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Familiar course with a new look for the U.S. Open

BETHESDA, Md. – Three players in the 156-man field at the U.S. Open have won at Congressional. Only one of them knows what it takes to win a U.S. Open. That would be Ernie Els, who captured his second U.S. Open title in 1997 at Congressional.

When the AT&T National came to Congressional in 2007, K.J. Choi won over Steve Stricker. A year later, Anthony Kim closed with a 65 for a two-shot win over Fredrik Jacobson. Tiger Woods had rounds of 64-66-70-67 when he won in 2009. He won’t get another crack at Congressional this week because he is not playing due to left leg injuries.

“The course definitely plays different than when I won in 2007,” Choi said on Monday, the first full day of practice for the Open. “The tee shot … when you’re standing on the tee box, the holes played different. You have to attack differently. They’ve pulled it back 20, 30 yards on some of the holes, so you actually have to draw your shots, where in 2007, I could fade my shots.”

Even so, the experience of winning has helped Choi feel like he knows his way around. He knows where he can miss, and where the big numbers are waiting if he misses in the wrong spot.

“I think the key point is whether you’re able to hit your second shots and stop it on the green, stick it to the green, stick it to the pin within 4 or 5 yards,” Choi said. “Once you’re able to do that, I think you have a better advantage.”

Early reviews on Congressional are favorable as a a stern but fair test, but the greens are not quite as firm as they tend to be when the competition gets under way on Thursday.

Among the favorites this week – because of the major, not the location – is Lee Westwood of England, who is No. 2 in the world and getting closer than ever to winning his first major.

Westwood had a putt to get into the playoff at Torrey Pines in 2008 U.S. Open. He had a par putt to get into a playoff at Turnberry a year later, and he had the 54-hole lead in The Masters last year.

“I think if you’re a good player, you’re going to have disappointments because you’re going to be in contention a lot, aren’t you?” Westwood said. “You’re going to have lots of chances to win major championships.”

It wasn’t always that way for Westwood.

Even though he rose to No. 4 in the world earlier in his career, it took him until a few years ago to start getting seriously close. His first U.S. Open happened to be in 1997 at Congressional.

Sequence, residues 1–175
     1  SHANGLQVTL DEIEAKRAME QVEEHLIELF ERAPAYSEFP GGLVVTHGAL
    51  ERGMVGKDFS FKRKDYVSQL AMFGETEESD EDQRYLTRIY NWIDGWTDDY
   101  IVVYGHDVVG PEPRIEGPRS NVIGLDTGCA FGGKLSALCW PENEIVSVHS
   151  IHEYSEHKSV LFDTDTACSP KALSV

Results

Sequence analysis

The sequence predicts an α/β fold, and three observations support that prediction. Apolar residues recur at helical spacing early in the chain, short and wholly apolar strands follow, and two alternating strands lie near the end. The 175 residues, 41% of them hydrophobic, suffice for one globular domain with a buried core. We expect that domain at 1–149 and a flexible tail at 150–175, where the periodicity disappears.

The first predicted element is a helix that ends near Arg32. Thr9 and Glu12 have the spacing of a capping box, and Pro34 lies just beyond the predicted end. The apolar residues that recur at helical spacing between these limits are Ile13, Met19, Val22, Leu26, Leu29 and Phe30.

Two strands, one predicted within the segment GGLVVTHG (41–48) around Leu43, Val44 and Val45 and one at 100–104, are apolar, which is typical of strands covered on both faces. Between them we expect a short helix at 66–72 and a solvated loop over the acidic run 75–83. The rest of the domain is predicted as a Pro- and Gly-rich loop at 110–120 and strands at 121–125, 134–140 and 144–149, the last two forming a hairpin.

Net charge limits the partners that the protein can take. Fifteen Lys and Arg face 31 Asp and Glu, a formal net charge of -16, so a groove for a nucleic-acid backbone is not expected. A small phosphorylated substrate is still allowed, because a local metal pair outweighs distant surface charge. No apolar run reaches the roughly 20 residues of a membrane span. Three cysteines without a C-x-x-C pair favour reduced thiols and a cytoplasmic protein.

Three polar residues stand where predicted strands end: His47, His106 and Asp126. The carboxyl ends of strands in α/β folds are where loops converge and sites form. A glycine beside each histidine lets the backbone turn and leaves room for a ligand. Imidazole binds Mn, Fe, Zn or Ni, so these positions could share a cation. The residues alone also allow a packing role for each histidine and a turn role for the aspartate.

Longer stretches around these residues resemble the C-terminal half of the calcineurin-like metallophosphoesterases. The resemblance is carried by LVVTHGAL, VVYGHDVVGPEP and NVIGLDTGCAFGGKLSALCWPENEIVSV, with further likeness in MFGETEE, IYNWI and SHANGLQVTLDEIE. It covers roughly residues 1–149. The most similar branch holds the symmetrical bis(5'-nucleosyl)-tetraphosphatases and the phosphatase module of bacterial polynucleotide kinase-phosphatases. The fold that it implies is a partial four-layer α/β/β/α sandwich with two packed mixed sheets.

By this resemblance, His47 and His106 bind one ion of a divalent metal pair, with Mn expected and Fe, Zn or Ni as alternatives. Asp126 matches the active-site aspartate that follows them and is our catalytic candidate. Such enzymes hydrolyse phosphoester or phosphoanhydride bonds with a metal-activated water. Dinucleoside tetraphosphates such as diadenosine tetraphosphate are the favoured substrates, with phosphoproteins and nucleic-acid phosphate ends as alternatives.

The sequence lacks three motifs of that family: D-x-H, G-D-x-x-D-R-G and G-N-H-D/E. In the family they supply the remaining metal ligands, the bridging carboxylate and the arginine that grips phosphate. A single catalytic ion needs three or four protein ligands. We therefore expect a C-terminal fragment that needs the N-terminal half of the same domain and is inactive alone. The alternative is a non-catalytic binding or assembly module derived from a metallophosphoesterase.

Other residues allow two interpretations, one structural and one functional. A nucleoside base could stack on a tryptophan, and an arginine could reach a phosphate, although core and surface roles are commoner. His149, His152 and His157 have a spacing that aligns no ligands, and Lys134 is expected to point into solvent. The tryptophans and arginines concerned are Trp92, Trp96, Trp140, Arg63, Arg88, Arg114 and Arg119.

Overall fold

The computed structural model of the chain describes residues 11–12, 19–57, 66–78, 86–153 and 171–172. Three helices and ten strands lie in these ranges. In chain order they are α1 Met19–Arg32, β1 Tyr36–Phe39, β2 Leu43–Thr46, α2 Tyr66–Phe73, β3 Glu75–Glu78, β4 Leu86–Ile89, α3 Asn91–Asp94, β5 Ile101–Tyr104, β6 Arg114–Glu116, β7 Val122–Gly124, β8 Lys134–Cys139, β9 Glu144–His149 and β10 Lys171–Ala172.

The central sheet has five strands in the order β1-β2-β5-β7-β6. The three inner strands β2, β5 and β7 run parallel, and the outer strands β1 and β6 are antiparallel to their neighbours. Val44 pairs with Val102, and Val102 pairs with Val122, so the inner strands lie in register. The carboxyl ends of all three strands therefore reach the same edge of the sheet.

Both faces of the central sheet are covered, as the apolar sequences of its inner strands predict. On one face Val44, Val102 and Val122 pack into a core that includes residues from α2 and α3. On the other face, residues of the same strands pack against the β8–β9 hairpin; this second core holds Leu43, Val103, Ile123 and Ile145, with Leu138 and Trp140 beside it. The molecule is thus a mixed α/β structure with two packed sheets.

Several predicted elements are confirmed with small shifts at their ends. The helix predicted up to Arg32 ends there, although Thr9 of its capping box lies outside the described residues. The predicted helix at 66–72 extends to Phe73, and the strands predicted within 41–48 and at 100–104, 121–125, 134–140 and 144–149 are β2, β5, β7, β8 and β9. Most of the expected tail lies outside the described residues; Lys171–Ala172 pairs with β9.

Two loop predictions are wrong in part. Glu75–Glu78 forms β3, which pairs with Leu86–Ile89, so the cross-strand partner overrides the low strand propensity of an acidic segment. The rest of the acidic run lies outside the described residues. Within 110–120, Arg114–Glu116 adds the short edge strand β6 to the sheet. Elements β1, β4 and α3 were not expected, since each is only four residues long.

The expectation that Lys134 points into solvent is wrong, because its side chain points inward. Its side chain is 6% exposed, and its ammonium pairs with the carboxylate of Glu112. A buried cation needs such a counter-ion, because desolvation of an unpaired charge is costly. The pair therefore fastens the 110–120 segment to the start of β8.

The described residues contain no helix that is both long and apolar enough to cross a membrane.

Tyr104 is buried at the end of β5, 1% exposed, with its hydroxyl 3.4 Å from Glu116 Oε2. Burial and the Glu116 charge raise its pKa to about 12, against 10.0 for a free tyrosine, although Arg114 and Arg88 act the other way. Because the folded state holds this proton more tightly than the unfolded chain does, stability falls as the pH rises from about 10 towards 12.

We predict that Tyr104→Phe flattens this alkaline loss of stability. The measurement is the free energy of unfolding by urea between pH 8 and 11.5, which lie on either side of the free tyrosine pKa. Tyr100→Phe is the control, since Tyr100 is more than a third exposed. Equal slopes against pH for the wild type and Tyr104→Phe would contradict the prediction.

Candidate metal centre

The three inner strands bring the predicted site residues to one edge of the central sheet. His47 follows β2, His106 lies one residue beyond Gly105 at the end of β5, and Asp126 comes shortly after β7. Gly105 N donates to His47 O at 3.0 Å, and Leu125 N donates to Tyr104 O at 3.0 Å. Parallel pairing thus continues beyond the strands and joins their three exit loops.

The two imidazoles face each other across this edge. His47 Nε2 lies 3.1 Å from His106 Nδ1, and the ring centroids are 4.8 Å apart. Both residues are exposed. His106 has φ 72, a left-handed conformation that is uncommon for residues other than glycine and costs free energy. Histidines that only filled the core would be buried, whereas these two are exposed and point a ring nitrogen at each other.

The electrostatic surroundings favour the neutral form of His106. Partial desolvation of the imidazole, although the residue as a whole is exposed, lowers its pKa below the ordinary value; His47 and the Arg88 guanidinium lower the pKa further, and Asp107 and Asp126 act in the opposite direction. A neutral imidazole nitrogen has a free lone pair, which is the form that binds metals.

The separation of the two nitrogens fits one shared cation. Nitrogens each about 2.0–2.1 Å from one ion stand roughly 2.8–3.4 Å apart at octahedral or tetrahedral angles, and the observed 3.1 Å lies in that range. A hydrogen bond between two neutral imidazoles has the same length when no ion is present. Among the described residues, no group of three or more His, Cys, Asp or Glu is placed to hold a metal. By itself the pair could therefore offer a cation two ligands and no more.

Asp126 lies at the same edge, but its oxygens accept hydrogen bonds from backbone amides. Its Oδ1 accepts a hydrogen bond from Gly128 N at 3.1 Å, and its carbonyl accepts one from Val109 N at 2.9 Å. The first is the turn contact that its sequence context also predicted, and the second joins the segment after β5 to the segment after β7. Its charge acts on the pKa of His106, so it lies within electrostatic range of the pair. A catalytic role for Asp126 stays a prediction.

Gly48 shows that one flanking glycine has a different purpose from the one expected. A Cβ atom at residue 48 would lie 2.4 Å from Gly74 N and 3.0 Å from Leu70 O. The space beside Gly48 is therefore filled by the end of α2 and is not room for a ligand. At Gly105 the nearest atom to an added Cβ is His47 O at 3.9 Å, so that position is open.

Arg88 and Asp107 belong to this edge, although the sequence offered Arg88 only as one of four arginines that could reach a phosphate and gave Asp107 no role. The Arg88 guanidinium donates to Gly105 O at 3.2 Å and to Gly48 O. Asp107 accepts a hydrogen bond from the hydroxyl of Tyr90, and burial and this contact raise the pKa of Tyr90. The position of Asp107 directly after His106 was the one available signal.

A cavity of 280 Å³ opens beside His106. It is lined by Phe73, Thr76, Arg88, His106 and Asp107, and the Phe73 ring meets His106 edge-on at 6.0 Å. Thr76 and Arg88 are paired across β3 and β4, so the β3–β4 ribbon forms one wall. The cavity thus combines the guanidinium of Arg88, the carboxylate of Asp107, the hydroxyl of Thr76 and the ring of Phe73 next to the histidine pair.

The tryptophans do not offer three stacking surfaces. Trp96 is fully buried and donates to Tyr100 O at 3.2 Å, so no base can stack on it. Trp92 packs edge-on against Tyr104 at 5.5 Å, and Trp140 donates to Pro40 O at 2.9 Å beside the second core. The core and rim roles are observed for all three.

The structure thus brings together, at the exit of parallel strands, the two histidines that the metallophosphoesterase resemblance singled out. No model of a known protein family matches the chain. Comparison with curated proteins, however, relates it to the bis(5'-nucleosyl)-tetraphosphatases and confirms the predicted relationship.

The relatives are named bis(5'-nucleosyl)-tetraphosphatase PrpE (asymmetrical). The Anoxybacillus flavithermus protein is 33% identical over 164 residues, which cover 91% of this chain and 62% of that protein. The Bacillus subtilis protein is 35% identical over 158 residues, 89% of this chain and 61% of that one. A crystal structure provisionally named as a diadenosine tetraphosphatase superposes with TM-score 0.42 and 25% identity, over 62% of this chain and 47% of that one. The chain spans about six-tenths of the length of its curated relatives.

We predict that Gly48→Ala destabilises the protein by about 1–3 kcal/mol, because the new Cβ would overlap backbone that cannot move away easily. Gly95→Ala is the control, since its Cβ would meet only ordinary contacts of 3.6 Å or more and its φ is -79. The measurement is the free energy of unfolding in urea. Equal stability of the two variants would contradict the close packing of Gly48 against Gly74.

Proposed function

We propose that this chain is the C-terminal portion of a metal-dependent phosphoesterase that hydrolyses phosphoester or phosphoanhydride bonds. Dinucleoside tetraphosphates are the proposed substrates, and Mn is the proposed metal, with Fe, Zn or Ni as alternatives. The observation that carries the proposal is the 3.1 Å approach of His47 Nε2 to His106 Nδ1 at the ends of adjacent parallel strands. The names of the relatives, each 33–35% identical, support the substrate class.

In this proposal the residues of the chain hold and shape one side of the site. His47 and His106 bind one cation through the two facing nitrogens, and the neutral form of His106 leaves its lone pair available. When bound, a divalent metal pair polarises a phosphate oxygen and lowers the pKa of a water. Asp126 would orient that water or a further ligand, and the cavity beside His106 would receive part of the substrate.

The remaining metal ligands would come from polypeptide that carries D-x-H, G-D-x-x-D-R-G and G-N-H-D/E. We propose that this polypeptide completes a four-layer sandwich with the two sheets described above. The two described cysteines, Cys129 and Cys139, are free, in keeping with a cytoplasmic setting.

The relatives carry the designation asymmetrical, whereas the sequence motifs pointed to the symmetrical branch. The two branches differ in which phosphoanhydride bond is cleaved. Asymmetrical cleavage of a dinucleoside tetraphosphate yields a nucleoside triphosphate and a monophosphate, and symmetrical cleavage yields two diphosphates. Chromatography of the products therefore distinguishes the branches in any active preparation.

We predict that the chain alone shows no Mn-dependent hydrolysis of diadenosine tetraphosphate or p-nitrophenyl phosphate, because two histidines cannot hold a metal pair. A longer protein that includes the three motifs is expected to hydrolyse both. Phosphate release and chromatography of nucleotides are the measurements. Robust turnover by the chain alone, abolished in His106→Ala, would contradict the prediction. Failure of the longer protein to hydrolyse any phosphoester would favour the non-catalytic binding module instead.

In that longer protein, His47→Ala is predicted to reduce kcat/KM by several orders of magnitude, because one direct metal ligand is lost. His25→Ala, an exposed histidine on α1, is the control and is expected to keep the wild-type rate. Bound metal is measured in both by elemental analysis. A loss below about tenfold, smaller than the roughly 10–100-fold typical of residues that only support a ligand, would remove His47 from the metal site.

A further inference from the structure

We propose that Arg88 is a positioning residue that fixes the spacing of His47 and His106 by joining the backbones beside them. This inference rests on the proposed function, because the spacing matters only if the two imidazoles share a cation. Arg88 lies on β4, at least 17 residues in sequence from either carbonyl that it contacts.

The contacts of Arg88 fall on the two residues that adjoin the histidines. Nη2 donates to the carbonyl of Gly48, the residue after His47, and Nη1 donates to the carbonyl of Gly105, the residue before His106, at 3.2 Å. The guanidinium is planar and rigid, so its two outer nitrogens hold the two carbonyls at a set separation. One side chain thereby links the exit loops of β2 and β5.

“My first impressions were it was a lot tougher than I thought it was going to be,” Westwood said. “The toughness of a U.S. Open setup takes you by surprise when you’ve never played it before. And I really don’t remember a lot from ’97, other than it was quite wet. There wasn’t a lot of run of the fairways, and it played quite long.

“I did all right,” he said. “I finished 19th, so I was quite pleased with that. First effort at a U.S. Open.”

Perhaps it should be no surprise that a first-time player has not won the U.S. Open in 98 years, dating to Francis Ouimet across the street from his house in Brookline in 1913.

The other majors have had debutants win in the last three decades – Ben Curtis at the British Open (2003), John Daly at the U.S. PGA Championship (1991), Fuzzy Zoeller at the Masters (1979).

For the players who haven’t been back in 14 years – Els, Westwood among them – there are a few big changes. The par-3 18th has been switched to a different direction and now is No. 10. Considering it’s a two-tee start in the opening two rounds, it will be the third course in the last 10 years when players start a round on a par 3. The others were Royal Lytham & St. Annes and Winged Foot.

The closing hole – the old No. 17 from 1997 – is now a 523-yard par 4 into a green surrounded by water.

By the end of the week, par might be a good score. By the look of it early in the week, however, some players feel as though they at least have a fighting chance.

“There’s no tricks to this golf course,” Westwood said. “You could almost turn up Thursday and just play it because it’s such a good, honest test.”